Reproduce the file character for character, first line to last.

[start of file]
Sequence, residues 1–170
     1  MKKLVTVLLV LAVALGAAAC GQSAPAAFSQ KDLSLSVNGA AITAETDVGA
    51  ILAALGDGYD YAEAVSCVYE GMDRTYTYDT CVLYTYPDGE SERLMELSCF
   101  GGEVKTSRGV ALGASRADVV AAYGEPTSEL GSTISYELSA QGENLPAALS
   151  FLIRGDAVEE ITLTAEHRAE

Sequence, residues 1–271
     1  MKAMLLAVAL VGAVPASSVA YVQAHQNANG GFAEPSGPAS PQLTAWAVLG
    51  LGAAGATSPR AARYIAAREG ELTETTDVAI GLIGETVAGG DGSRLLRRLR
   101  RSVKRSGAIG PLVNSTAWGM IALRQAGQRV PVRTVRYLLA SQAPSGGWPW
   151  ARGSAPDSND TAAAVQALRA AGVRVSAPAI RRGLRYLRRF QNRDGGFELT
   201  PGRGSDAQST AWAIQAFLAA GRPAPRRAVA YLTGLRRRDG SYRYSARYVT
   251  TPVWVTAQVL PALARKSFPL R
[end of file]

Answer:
Sequence, residues 1–170
     1  MKKLVTVLLV LAVALGAAAC GQSAPAAFSQ KDLSLSVNGA AITAETDVGA
    51  ILAALGDGYD YAEAVSCVYE GMDRTYTYDT CVLYTYPDGE SERLMELSCF
   101  GGEVKTSRGV ALGASRADVV AAYGEPTSEL GSTISYELSA QGENLPAALS
   151  FLIRGDAVEE ITLTAEHRAE

Sequence, residues 1–271
     1  MKAMLLAVAL VGAVPASSVA YVQAHQNANG GFAEPSGPAS PQLTAWAVLG
    51  LGAAGATSPR AARYIAAREG ELTETTDVAI GLIGETVAGG DGSRLLRRLR
   101  RSVKRSGAIG PLVNSTAWGM IALRQAGQRV PVRTVRYLLA SQAPSGGWPW
   151  ARGSAPDSND TAAAVQALRA AGVRVSAPAI RRGLRYLRRF QNRDGGFELT
   201  PGRGSDAQST AWAIQAFLAA GRPAPRRAVA YLTGLRRRDG SYRYSARYVT
   251  TPVWVTAQVL PALARKSFPL R